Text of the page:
“A state inspector arrives at your facility without prior warning, enters the warehouse, picks up any random package of drugs and asks to see ‘the pedigree’ for this package.”
The point being made is that, according to the California Pedigree Law, at the very least, supply chain members will need to be capable of producing a full pedigree for any and every package of drugs in their possession at any time in case of a surprise inspection.
This scenario is an important one when selecting a pedigree model, but it often causes me to think about exactly what the company being inspected would show the inspector, and how they would do that. To comply with the law, ‘the pedigree’ must be electronic. That is, it would be in the form of computer-friendly data. The only electronic pedigree format that is known, with some confidence, to be usable for compliance in California is the GS1 Drug Pedigree Messaging Standard (DPMS) and it carries the data in an XML (eXtensible Markup Language) file. Even GS1’s Electronic Product Code Information Services (EPCIS) –based systems that many people are hoping will comply with the law stores the data that would constitute ‘the pedigree’ in XML.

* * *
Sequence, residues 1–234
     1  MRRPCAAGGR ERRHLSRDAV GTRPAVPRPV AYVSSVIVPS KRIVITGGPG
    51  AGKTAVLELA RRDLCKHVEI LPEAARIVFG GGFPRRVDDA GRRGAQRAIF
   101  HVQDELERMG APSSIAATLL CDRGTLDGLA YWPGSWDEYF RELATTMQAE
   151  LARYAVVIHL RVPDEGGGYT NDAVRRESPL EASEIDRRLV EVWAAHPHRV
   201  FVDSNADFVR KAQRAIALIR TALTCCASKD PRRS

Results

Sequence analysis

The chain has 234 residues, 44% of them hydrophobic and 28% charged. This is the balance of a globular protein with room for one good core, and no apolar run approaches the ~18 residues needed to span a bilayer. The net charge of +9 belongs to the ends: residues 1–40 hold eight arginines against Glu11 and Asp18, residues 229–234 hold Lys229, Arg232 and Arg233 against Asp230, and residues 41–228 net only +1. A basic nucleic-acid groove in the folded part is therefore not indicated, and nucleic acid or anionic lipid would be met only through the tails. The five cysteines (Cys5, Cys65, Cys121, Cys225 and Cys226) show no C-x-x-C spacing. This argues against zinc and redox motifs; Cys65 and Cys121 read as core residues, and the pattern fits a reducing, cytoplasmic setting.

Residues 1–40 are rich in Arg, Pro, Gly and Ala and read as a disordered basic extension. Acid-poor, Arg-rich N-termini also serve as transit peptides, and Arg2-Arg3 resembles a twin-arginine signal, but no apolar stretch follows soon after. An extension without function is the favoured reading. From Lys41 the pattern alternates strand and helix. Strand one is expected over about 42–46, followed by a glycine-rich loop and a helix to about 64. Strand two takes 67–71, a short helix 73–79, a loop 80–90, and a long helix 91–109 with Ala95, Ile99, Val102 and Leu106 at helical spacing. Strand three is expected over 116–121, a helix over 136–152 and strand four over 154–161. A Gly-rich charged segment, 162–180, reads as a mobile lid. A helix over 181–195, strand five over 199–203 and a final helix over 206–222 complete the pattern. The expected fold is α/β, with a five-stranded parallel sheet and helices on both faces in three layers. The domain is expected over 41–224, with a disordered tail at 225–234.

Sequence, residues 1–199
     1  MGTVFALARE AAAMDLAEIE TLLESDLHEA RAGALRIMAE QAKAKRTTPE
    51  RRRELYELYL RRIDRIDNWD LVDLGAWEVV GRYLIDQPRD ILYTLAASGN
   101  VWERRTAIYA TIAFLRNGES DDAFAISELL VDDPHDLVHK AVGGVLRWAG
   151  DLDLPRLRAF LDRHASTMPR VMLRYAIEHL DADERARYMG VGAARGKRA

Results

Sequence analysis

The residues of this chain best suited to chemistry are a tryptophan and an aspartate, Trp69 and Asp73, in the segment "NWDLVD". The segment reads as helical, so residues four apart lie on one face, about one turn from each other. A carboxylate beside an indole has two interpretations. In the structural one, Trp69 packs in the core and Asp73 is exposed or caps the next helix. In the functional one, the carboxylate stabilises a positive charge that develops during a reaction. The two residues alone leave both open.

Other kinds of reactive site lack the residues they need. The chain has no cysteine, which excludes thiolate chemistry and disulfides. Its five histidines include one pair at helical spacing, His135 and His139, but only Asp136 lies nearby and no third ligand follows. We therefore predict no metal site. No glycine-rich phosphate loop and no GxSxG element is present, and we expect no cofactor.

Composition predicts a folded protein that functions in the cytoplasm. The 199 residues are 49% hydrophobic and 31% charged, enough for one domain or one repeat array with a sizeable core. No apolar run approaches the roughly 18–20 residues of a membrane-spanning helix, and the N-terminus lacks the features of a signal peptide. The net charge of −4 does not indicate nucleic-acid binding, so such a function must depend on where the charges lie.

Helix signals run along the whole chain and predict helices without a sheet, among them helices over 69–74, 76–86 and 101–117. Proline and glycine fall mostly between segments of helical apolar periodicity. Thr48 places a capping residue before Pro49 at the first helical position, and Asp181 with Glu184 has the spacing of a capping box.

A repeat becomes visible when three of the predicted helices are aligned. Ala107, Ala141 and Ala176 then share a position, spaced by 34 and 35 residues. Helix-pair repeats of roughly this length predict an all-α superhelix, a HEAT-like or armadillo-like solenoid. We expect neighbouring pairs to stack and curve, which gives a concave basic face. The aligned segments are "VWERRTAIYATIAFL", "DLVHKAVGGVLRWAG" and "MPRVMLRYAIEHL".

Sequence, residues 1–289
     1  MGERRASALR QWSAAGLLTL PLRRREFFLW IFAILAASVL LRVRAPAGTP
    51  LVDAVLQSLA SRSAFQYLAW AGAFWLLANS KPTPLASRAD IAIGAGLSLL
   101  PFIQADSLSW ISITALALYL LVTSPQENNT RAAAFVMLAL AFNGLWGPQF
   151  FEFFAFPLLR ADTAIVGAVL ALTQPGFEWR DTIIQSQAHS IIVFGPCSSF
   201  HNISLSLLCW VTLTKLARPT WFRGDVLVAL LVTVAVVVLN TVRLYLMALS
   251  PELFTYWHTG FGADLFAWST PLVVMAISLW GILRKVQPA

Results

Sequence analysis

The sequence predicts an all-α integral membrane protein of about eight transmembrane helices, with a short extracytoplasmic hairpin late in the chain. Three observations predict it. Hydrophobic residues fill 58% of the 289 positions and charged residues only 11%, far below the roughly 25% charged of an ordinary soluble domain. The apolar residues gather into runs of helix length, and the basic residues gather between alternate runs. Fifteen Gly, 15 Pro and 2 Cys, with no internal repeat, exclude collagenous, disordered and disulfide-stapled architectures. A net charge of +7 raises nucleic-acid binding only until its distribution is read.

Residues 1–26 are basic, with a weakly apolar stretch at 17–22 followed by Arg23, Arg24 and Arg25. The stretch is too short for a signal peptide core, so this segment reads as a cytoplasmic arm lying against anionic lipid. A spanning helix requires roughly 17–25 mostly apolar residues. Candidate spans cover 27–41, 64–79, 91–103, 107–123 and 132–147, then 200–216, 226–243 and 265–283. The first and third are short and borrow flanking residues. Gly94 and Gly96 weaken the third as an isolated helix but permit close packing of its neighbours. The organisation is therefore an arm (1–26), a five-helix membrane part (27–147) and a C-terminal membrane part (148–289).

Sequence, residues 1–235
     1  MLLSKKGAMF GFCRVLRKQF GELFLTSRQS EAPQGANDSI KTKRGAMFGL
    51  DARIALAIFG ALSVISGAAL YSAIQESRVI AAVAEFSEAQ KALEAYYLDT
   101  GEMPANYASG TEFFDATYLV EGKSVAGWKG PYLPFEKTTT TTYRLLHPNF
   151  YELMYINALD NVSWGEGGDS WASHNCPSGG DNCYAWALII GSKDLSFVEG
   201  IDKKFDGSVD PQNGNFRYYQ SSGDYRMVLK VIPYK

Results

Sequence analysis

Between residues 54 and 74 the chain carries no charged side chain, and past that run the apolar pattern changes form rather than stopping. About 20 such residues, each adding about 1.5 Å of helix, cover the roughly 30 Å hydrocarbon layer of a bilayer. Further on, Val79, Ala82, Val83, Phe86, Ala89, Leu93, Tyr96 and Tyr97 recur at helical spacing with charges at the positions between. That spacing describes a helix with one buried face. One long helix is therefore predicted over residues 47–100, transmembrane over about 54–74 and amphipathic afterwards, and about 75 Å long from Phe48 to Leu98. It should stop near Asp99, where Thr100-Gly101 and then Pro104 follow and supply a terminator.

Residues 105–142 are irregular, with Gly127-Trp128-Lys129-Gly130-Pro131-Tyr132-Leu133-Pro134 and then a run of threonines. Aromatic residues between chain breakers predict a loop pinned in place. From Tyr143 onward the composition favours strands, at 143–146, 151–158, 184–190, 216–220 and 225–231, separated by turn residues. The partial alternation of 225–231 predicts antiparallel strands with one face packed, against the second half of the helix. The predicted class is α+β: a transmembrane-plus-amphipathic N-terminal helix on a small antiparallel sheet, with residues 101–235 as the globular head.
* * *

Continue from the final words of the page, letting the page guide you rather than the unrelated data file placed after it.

But XML isn’t really very readable to humans, with the possible exception of computer programmers. It’s not likely that the inspector is going to want to see a printout of the pedigree XML data when he or she asks to see ‘the pedigree’.